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group theory


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The study of the symmetries that define the properties of a system. Invariance under symmetry operations enables much about a system to be deduced without knowing explicitly the solutions to the equations of motion. Newton's law of gravitation, for instance, exhibits spherical symmetry. The force of gravity due to the attraction of a planet to a star is the same for all positions that are equidistant from the centre of mass of the star. However, the possible trajectories of the planet include non-symmetric elliptical orbits. These elliptical orbits are solutions to the Newtonian equations. However, one discovers on solving them that the planet does not move at a constant speed around the ellipse: it speeds up when it approaches perihelion and slows down approaching aphelion, which is consistent with what one might expect from a spherically symmetric force law. This behaviour, first formulated as one of Kepler's laws of planetary motion, is now accepted as a result of the conservation of angular momentum.

This association of a dynamical symmetry with a conservation law was first suggested by A. E. Noether in 1918 (see Noether's theorem). For example, the laws of physics are invariant under translations in time; they are the same today as they were yesterday. Noether's theorem relates this invariance to the conservation of energy. If a system is invariant under translations in space, linear momentum is conserved.

The symmetry operations on any physical system must possess the following properties:1.Closure. If Ri and Rj are in the set of all symmetry operations, then the combination, RiRj – meaning: first perform Ri, then perform Rj – is also a member of the set; that is, there exists an Rk, which is a member of the set such that Rk = RiRj.2.Identity. There is an element I, which is also a member of the set of symmetry operations, such that I Ri = Ri I = Ri, for all elements Ri in the set.3.Inverse. For every element Ri there is an inverse, Ri−1, such that RiRi−1 = Ri−1Ri = I.4.Associativity. Ri (RjRk) = (RiRj) Rk.These are the defining properties of a group in group theory. Group elements need not commute; i.e., Ri RjRj Ri, in general; if all the elements do commute then the group is said to be Abelian. Though translations in space and time are Abelian, it is easily verified that rotations about axes in 3D space are not. Groups can be finite (as the group of rotations of an equilateral triangle) or infinite (for example, the set of all integers, with addition used to combine the members). Groups can also be classed as continuous or discrete. An example of a continuous group is the group of all continuous translations of a point on a spherical surface. The symmetries of the star-planet system are the elements of this spherical group. Discrete groups have elements that may be labelled by an index that takes on only integer values. All finite groups and some infinite groups, such as the group of integers described above, are discrete.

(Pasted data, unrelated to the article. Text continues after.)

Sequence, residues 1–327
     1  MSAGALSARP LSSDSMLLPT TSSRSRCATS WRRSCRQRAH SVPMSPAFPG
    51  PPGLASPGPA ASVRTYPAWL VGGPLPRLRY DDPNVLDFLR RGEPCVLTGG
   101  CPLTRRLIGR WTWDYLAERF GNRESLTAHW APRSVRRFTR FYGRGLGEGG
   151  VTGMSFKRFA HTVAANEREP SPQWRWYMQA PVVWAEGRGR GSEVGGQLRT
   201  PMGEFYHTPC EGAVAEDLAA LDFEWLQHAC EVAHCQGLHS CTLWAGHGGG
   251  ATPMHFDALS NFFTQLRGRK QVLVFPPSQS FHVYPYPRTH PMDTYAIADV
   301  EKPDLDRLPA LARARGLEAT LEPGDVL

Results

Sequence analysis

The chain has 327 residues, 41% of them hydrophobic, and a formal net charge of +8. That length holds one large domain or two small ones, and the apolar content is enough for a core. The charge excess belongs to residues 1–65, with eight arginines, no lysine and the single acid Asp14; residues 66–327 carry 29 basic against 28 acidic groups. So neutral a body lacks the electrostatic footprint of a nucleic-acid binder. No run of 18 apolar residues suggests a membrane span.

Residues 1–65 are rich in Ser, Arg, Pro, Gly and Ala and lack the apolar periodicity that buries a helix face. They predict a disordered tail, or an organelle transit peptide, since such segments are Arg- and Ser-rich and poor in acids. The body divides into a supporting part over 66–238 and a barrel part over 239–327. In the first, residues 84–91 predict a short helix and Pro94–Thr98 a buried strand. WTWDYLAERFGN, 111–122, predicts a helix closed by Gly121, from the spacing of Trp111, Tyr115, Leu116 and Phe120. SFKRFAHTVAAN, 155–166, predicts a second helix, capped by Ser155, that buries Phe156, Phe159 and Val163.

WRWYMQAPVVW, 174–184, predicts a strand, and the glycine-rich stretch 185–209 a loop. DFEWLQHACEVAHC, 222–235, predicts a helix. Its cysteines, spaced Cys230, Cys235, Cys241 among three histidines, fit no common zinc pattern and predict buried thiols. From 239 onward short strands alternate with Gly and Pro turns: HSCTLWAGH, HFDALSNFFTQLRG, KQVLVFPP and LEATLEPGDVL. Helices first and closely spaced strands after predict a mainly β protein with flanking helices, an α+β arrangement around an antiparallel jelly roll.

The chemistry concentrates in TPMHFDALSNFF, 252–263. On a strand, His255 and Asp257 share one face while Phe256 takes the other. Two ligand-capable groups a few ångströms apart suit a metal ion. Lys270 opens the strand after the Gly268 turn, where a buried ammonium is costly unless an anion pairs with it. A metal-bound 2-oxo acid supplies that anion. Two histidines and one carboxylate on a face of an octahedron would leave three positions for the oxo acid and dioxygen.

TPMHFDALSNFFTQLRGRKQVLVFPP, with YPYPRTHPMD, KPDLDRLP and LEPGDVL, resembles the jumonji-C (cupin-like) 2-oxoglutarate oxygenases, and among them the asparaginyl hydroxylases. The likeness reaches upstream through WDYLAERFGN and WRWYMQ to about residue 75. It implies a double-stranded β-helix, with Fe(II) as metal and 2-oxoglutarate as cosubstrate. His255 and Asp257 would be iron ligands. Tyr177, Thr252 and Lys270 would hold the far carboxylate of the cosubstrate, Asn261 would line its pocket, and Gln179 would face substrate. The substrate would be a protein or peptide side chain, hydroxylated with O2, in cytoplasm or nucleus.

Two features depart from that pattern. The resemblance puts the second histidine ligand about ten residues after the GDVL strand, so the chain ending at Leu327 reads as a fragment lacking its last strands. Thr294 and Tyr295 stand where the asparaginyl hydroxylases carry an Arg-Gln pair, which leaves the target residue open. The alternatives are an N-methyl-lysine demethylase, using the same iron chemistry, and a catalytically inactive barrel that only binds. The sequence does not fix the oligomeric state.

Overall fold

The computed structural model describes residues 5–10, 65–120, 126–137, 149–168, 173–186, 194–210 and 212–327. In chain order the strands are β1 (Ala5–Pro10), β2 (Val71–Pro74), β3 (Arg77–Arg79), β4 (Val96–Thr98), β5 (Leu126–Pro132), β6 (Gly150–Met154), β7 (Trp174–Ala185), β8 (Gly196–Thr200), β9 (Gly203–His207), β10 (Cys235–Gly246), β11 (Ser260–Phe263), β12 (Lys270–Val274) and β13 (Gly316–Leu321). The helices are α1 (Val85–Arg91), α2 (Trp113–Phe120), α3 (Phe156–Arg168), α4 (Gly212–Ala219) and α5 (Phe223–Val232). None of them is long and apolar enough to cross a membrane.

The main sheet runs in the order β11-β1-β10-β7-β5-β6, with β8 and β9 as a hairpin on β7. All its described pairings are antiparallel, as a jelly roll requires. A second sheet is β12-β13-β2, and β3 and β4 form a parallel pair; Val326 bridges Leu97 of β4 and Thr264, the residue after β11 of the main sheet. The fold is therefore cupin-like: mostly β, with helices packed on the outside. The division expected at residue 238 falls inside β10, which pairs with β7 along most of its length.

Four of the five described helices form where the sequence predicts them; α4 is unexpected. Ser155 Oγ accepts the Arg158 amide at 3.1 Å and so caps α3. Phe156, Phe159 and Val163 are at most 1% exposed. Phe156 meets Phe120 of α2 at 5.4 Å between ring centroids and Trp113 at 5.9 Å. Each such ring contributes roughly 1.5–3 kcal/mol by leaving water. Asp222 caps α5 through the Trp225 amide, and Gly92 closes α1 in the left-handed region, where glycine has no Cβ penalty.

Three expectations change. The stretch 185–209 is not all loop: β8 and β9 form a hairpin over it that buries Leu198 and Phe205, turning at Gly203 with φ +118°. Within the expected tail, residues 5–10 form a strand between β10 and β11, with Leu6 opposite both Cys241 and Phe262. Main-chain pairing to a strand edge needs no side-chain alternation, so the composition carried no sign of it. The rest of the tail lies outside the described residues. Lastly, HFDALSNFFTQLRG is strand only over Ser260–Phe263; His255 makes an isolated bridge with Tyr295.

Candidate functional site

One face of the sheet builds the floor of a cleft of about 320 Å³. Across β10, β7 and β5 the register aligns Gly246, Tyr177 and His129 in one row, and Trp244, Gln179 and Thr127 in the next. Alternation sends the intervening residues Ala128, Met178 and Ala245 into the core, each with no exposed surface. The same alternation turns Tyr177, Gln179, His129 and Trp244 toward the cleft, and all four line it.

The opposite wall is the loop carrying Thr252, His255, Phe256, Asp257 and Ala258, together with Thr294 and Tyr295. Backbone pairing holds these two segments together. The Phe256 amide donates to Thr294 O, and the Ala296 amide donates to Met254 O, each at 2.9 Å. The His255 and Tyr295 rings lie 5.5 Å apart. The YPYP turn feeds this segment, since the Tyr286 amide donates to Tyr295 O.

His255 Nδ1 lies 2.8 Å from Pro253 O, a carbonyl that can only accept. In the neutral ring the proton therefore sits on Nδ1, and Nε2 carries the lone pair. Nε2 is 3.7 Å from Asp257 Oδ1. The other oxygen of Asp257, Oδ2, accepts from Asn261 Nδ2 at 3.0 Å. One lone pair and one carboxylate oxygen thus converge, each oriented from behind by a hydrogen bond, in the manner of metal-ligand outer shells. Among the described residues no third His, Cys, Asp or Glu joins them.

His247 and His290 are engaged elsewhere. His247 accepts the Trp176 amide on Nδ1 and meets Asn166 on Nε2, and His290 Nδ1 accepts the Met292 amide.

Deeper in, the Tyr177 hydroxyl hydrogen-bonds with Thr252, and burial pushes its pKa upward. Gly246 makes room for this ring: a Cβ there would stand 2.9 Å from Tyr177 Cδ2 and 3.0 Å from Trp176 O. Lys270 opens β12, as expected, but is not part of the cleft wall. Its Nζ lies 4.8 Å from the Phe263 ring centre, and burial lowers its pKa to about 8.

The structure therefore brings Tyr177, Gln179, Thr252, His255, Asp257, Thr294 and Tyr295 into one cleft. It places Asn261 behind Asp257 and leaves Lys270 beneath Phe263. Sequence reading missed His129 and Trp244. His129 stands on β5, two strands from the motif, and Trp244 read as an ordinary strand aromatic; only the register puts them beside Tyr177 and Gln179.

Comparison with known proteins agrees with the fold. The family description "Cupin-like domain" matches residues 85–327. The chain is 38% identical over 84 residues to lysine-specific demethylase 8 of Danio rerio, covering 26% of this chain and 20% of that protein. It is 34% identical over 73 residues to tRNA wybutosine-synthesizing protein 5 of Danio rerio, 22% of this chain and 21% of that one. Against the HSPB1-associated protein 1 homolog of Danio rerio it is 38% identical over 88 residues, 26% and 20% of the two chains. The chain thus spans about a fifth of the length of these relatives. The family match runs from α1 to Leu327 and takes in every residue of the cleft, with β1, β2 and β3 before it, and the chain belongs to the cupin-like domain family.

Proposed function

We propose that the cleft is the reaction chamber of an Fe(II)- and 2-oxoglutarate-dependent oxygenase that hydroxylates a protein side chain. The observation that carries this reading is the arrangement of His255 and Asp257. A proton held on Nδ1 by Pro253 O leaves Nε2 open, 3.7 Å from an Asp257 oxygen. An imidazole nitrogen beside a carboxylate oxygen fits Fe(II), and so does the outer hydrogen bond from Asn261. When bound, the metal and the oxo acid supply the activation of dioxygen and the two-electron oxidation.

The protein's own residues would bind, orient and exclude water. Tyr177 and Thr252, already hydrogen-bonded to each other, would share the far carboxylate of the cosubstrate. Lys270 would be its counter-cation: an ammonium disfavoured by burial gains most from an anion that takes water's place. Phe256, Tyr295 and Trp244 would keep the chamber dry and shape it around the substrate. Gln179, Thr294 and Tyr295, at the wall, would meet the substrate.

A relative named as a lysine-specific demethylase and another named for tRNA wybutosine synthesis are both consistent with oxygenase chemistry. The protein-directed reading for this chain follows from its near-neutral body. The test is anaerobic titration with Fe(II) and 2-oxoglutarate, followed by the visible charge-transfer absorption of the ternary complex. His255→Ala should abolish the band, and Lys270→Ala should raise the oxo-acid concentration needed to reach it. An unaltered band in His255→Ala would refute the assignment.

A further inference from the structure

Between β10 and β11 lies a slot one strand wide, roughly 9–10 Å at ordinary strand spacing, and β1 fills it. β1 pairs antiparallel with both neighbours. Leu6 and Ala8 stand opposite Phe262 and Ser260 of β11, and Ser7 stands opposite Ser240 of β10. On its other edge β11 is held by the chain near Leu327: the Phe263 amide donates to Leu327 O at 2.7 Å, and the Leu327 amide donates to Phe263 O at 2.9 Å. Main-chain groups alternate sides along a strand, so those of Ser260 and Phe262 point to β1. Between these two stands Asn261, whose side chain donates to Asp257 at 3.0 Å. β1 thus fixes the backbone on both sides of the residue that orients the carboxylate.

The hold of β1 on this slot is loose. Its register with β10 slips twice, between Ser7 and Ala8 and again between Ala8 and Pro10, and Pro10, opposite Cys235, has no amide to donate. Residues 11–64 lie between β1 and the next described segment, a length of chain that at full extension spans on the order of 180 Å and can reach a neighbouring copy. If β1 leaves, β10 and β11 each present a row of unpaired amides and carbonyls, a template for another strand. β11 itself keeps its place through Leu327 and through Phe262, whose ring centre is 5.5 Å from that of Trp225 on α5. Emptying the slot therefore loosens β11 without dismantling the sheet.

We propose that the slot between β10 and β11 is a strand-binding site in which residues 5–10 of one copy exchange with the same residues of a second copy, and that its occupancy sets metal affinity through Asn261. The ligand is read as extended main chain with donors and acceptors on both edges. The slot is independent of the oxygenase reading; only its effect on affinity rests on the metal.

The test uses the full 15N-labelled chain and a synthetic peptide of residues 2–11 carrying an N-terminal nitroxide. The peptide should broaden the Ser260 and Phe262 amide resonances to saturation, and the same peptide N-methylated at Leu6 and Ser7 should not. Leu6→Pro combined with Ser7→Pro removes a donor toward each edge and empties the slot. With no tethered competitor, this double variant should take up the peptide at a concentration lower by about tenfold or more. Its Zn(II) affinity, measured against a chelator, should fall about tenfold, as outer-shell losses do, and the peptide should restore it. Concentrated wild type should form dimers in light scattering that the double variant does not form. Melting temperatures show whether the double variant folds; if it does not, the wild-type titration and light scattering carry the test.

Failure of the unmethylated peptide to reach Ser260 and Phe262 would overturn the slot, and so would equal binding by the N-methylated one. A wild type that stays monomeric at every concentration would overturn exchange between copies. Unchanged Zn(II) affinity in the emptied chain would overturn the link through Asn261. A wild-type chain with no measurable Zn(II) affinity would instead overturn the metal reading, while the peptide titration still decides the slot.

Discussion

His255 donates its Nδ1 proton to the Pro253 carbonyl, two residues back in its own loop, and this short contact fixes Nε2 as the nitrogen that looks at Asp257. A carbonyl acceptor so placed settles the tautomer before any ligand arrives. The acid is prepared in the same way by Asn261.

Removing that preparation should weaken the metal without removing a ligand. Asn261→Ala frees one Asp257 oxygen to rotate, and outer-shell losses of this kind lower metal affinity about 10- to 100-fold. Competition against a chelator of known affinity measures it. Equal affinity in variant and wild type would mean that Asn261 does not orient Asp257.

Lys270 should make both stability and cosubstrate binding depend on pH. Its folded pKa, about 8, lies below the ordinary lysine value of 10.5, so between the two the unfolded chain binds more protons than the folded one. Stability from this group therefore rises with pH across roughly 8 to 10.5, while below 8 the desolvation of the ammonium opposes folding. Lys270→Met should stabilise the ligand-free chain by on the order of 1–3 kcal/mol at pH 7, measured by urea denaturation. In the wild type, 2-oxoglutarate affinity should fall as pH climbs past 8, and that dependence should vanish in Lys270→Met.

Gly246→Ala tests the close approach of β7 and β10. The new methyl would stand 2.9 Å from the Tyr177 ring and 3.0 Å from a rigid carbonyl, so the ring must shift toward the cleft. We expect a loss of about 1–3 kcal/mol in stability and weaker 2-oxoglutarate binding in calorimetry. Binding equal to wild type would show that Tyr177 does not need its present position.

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Subjects: Physics.


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